My travel report – Part 5 – Route 62, Klein Karoo, Cango Caves, Ostriches and Knysna


My travel report

Impressions from the Cape – Part 5

Route 62, Klein Karoo, Cango Caves, Ostriches and Knysna

By Ralph Kratzer

Editor´s note: To remember the first four parts of my travelogue – click Part 1, Part 2, Part 3 or Part 4.

DSC00292_3

Route 62

What the legendary Route 66, “the Mother of Roads”, means to Americans, is Route 62 for the South Africans, especially the inhabitants of the Cape provinces. This scenic road starts in Cape Town and winds its way through some breathtaking scenery, either bendy over high mountains or then in contrast straight as a ruler for miles and miles through vast plains. Parts of Route 62 are the “Wine Route“, the route through the semi-desert of the “Klein Karoo” (Little Karoo) and the “Garden Route“. After 850 kilometres the famous road ends in Port Elizabeth. Route 62 is popular both for locals (specifically motorcyclists) and tourists who are able to see and experience a lot of different things along the picturesque route.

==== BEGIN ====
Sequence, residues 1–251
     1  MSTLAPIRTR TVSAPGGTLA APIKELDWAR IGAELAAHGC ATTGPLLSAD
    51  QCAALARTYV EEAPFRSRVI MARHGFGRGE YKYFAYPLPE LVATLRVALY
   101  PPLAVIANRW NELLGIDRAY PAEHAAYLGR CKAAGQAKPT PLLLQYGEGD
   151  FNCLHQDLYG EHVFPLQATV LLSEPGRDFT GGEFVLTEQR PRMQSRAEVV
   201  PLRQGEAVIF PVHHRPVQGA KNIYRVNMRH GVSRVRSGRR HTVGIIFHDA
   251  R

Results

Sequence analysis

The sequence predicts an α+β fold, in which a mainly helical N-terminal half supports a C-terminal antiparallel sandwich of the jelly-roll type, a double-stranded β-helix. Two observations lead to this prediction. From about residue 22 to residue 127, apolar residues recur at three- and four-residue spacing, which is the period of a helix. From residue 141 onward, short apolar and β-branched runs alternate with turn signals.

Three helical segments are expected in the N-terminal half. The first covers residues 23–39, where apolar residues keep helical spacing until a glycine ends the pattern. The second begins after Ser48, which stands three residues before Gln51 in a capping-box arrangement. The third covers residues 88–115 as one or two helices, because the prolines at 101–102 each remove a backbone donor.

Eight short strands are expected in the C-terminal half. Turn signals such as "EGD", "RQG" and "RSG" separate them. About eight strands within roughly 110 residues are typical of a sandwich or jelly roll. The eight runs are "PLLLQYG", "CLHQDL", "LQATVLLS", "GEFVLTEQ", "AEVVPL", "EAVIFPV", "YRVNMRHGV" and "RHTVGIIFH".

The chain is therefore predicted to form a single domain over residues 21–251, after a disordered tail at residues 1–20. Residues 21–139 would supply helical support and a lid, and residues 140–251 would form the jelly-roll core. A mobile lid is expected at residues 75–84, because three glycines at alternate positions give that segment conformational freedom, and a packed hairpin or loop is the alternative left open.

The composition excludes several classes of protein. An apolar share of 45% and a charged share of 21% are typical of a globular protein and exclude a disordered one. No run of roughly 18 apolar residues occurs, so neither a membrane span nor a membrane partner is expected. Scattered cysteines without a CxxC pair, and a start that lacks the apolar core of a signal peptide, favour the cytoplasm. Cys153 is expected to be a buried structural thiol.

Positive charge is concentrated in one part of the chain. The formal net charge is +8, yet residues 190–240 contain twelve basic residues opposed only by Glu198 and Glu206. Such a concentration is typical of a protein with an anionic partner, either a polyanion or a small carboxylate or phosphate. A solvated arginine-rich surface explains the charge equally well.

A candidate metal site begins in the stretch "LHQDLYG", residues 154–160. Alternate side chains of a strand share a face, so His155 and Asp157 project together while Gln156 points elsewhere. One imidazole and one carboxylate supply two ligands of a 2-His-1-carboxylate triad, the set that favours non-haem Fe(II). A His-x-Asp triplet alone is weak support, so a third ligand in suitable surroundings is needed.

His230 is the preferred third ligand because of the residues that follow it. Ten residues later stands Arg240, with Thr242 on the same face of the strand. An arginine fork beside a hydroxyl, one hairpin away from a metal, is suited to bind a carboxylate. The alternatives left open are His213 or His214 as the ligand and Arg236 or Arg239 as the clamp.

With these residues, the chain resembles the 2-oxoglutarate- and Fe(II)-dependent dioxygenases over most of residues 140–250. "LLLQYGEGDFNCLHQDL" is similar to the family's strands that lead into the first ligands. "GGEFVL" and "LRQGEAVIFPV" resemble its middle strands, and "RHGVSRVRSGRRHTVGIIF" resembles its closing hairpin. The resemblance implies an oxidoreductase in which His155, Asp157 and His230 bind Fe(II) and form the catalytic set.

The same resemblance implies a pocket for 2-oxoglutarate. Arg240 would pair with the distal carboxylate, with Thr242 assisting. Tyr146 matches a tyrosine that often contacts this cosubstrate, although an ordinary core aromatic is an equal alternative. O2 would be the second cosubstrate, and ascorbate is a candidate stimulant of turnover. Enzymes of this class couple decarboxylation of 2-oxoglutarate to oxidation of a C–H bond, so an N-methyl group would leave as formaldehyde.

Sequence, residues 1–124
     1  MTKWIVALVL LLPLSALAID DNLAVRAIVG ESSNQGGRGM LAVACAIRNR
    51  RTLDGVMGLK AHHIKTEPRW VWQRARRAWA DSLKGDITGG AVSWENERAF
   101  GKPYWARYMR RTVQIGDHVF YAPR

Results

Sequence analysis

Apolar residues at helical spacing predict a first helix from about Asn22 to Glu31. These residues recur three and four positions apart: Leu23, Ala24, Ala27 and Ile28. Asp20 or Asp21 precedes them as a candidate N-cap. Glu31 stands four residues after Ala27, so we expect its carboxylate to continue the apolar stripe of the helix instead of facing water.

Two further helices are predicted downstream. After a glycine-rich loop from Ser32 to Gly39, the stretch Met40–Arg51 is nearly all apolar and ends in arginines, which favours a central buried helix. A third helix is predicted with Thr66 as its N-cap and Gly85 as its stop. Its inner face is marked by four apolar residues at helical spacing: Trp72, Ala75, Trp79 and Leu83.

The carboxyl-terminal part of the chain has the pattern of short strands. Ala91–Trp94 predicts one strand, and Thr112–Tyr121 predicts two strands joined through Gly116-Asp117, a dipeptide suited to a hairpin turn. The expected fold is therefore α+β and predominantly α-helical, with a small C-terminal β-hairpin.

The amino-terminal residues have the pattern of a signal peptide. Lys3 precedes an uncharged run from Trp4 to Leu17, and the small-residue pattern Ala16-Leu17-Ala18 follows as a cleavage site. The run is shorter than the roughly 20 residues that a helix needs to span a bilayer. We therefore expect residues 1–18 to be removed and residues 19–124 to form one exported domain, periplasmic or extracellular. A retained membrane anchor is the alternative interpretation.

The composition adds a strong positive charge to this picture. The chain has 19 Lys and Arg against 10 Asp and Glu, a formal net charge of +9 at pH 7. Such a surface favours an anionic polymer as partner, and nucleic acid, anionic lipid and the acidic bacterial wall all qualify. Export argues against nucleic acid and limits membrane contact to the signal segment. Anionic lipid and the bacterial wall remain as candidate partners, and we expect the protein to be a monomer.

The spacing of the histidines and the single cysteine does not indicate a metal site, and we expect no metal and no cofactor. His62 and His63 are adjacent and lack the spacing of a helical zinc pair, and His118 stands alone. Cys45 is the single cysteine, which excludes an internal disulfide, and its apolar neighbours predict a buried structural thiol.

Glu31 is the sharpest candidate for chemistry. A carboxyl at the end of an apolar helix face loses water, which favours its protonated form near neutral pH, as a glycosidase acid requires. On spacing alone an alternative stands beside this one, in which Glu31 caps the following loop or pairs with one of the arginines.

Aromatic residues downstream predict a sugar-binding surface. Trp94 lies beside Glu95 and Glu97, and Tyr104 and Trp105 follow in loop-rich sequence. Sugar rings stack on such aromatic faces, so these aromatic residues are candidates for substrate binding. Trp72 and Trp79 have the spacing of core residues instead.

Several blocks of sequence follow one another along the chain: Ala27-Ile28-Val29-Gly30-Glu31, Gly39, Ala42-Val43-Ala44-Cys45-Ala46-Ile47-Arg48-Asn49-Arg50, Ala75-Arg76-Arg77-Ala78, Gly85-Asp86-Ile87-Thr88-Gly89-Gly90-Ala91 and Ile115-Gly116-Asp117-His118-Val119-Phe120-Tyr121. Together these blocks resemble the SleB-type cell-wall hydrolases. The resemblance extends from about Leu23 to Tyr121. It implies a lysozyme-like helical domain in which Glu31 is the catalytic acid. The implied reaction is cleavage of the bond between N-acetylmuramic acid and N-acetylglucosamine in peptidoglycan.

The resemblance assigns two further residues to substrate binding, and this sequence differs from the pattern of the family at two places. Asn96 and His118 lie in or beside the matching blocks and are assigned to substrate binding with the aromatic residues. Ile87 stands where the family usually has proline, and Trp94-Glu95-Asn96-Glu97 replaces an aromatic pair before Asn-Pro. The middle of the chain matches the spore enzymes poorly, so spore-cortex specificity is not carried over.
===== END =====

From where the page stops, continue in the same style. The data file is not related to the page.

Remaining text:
In the morning we set out from Cape Town to Oudtshoorn, the most important town in the “Klein Karoo” and also known as “the world´s capital of ostriches”.

DSC00292_5

Klein Karoo

After driving on the Wine Route, which we had already partially enjoyed on our trip to Stellenbosch (see last part of my travelogue), the landscape changes almost instantly when the Klein Karoo begins. What was in “The Winelands” predominantly lush green vegetation, now becomes the admirable rough beauty of a semi-desert. Rugged mountain landscapes alternate with the sparse vegetation of seemingly endless plains. Until we finally arrived in Oudtshoorn we hardly saw human settlements in this region.